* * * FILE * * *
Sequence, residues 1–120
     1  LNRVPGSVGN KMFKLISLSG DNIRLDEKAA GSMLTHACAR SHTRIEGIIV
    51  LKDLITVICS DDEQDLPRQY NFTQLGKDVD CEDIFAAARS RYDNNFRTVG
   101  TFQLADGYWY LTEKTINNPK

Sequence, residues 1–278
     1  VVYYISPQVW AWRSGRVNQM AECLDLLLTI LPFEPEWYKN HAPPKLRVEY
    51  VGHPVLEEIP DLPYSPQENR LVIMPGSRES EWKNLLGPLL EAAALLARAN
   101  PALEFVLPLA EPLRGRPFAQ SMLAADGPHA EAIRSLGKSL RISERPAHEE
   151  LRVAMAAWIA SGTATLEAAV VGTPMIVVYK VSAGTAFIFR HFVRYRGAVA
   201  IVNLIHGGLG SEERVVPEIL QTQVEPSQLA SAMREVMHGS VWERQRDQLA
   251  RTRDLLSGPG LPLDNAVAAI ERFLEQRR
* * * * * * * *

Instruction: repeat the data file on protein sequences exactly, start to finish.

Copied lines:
Sequence, residues 1–120
     1  LNRVPGSVGN KMFKLISLSG DNIRLDEKAA GSMLTHACAR SHTRIEGIIV
    51  LKDLITVICS DDEQDLPRQY NFTQLGKDVD CEDIFAAARS RYDNNFRTVG
   101  TFQLADGYWY LTEKTINNPK

Sequence, residues 1–278
     1  VVYYISPQVW AWRSGRVNQM AECLDLLLTI LPFEPEWYKN HAPPKLRVEY
    51  VGHPVLEEIP DLPYSPQENR LVIMPGSRES EWKNLLGPLL EAAALLARAN
   101  PALEFVLPLA EPLRGRPFAQ SMLAADGPHA EAIRSLGKSL RISERPAHEE
   151  LRVAMAAWIA SGTATLEAAV VGTPMIVVYK VSAGTAFIFR HFVRYRGAVA
   201  IVNLIHGGLG SEERVVPEIL QTQVEPSQLA SAMREVMHGS VWERQRDQLA
   251  RTRDLLSGPG LPLDNAVAAI ERFLEQRR